Over the years Attack on Titan has grown immensely more popular. What was originally a dark series that some people had heard from quickly became one of the most notable series out there. With this popularity come things like an anime and even games. While a lot of this is expected of a popular series, Dynasty Warriors is not a series I would associate with Attack on Titan. Nonetheless, Attack on Titan is a Dynasty Warriors like game using the world of Attack on Titan. With large enemies to kill, people to save, places to discover and much more, is Attack on Titan worth your time or is it a shameless cash grab?
Attack on Titan starts by making the arguably wise choice to forego most of the training arc. You’re given a brief introduction to the mechanics and see some of the more notable characters in action, but it all quickly leads to the Battle of Trost arc. This will make it hard for newcomers to get into the series, though the story is quite deliberate in what it does.
Throughout the first couple of missions you’ll quickly learn about character relationships and have an understanding of why things are the way they’re. The story also highlights characters that were less notable in the source material, that play a larger role in things to come. The story itself also has plenty of cutscenes, shifts perspectives when needed and basically attempts to do the series justice, which it largely accomplishes.
The real downside to Attack on Titan is the actual nature of the series in relation to what a game can portray. Combat boils down to a single attack and using various tools to set up your attacks. Like other Dynasty Warriors games, Attack on Titan attempts to offer depth with grenades, the ability to slice off limbs, controlling A.I. and so forth, but I found plenty of success ignoring that in favor or slicing the nape of a titans neck.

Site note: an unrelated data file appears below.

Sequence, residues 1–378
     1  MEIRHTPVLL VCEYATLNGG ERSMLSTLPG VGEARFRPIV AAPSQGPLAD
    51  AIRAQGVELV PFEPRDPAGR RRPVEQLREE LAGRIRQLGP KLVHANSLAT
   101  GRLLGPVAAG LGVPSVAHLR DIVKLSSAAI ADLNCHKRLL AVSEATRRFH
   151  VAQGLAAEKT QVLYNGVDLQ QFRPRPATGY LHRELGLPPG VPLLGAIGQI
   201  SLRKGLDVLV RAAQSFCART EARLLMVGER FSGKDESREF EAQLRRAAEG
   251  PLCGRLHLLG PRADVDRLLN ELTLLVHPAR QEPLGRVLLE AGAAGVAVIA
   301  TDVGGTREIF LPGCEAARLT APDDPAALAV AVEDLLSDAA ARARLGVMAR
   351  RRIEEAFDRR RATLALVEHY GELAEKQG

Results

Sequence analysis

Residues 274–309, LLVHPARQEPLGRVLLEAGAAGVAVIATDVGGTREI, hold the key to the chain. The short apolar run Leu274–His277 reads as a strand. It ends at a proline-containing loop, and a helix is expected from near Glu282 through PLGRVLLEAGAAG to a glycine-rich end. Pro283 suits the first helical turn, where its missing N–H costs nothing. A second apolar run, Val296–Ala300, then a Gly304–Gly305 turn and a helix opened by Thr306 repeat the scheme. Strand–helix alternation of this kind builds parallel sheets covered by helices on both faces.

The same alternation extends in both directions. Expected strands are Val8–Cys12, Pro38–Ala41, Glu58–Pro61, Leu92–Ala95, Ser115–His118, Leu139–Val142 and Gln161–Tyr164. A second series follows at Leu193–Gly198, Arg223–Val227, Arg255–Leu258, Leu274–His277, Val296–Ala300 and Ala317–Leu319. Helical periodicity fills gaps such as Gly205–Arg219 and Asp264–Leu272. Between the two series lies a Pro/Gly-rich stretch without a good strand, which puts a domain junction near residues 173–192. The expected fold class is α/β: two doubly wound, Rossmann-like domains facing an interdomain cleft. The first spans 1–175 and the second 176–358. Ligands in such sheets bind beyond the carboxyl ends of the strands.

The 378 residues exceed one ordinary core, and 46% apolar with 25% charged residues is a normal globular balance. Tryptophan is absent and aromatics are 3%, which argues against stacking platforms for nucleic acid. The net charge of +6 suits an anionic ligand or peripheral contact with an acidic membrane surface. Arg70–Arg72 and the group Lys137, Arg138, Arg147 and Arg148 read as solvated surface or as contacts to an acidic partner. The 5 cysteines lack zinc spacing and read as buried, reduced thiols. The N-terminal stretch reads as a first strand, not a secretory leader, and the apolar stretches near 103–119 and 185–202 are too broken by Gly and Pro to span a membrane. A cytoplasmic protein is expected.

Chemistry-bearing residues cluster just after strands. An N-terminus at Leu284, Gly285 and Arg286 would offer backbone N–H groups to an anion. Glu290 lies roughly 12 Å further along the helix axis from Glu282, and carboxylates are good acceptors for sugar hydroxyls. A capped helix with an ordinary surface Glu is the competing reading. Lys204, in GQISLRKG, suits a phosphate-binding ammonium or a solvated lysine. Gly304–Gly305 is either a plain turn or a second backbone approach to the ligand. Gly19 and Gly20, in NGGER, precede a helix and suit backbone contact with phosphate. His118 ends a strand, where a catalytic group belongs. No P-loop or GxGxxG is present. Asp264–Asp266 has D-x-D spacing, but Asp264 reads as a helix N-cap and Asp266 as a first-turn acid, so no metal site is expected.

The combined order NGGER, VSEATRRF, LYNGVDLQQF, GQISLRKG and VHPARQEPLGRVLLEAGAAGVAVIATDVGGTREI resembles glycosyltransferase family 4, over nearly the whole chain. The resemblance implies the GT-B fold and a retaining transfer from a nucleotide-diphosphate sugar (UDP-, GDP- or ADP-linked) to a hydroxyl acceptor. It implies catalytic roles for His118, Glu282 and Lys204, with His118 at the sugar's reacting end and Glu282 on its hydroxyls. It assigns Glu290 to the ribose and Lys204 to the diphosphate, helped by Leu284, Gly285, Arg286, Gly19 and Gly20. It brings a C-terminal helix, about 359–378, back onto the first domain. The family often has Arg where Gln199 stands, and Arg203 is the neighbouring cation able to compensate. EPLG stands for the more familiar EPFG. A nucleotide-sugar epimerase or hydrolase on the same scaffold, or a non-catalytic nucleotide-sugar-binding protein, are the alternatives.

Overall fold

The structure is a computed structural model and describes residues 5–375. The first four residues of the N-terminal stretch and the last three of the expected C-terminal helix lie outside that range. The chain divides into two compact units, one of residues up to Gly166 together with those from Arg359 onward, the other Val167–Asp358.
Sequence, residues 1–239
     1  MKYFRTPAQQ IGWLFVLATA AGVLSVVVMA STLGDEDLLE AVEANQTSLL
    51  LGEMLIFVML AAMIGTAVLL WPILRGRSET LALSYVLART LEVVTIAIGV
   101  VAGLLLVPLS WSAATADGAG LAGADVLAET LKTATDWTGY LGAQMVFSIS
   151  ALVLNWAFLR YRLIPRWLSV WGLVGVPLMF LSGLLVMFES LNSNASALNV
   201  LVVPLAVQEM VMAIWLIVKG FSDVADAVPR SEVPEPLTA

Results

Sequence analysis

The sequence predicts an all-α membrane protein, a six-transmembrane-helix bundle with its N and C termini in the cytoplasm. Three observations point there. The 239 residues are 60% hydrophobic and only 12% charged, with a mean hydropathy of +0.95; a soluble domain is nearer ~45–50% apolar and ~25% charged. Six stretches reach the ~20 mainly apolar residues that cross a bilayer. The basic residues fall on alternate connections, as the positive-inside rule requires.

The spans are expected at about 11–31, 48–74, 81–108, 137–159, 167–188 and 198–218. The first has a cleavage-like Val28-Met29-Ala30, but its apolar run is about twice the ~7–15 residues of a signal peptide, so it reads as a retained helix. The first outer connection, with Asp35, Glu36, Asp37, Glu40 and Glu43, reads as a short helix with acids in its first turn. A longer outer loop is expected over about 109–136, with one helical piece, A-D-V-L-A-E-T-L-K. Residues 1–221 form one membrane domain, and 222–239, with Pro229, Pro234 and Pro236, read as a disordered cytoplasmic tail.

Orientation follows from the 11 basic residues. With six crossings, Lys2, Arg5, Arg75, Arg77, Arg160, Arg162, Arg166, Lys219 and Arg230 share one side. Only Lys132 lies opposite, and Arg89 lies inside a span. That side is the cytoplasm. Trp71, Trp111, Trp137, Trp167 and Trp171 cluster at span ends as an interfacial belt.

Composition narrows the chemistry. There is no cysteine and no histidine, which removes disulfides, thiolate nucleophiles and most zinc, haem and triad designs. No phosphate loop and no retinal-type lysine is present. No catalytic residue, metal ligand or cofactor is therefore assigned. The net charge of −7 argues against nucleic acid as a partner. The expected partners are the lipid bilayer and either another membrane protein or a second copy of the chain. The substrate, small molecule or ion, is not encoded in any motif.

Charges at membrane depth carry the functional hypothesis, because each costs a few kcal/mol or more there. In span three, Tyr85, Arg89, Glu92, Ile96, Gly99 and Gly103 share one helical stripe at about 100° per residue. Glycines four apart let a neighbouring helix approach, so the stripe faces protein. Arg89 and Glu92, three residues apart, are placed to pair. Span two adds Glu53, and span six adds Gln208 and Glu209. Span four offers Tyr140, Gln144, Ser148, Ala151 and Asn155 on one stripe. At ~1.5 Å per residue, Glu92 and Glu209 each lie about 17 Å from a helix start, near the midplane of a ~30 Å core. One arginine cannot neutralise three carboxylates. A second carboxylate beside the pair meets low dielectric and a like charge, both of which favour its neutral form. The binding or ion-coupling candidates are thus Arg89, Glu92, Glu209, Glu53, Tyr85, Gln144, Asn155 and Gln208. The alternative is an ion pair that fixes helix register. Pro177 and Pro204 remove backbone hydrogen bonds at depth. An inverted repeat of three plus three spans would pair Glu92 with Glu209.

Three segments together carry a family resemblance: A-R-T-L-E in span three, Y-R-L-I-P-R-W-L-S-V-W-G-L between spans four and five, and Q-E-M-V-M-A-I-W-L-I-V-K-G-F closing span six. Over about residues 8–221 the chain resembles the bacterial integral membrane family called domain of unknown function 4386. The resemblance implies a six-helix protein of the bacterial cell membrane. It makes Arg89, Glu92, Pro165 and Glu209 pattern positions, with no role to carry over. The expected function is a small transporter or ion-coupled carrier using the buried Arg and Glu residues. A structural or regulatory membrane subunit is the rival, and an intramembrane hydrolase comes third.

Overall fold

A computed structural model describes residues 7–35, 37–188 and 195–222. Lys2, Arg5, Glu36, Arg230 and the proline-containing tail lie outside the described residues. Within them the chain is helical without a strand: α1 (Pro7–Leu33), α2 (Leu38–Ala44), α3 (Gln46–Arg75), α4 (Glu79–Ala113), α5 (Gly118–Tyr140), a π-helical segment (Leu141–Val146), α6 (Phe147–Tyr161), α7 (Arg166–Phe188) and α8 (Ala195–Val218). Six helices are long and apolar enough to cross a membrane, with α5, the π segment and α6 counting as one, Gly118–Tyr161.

Once you understand how to do that effectively you’ll make quick work of your foes. None of the titans are particularly smart and most of the time you can clearly telegraph your movements and come out successful. The combat is also straightforward enough to be little more than try until it works, with greater rewards offered to those who make fewer mistakes.
The side missions are also your standard Dynasty Warriors fare. Someone is in trouble, you go to help them, typically this results in having to kill some enemies and then you get a reward for helping them. Plenty of these will appear throughout a mission, which might be tedious, but feels true to the series. Calling in for help and then have several of your comrades attempting to rescue you. The same is true for the usable system due to it promoting conservation and risk. There are ways around it and you’ll often have plenty of resources, but it’s a nice addition regardless of the details.
In addition to fighting enemies by slicing their neck, you’ll occasionally get to play as a titan and enjoy your standard Dynasty Warriors experience. By this I mean you can pretty much eliminate any and all threats using a couple of attacks, which is fun, but also gets old fast.
Besides story there is an exploration mode that uses the same mechanics in a different setting. This mode can be played online and lets you select from the small but diverse cast. Sure it isn’t the most complex mode, but it makes sense in terms of the series and adds something to do once you’ve seen all that the story has to offer.
Attack on Titan might not be the best or most complex game, but it is faithful to the source material. Most of the fights are doing the same thing once or twice, which can get boring, but is still expected from the series. Combine this with plenty of cutscenes, the intriguing story and some fun mechanics and you have a game that is good for fans and newcomers alike.
[Editor’s Note: Attack on Titan was reviewed on PS4 platform. The game was provided to us by the publisher for review purposes.]Attack on Titan Review,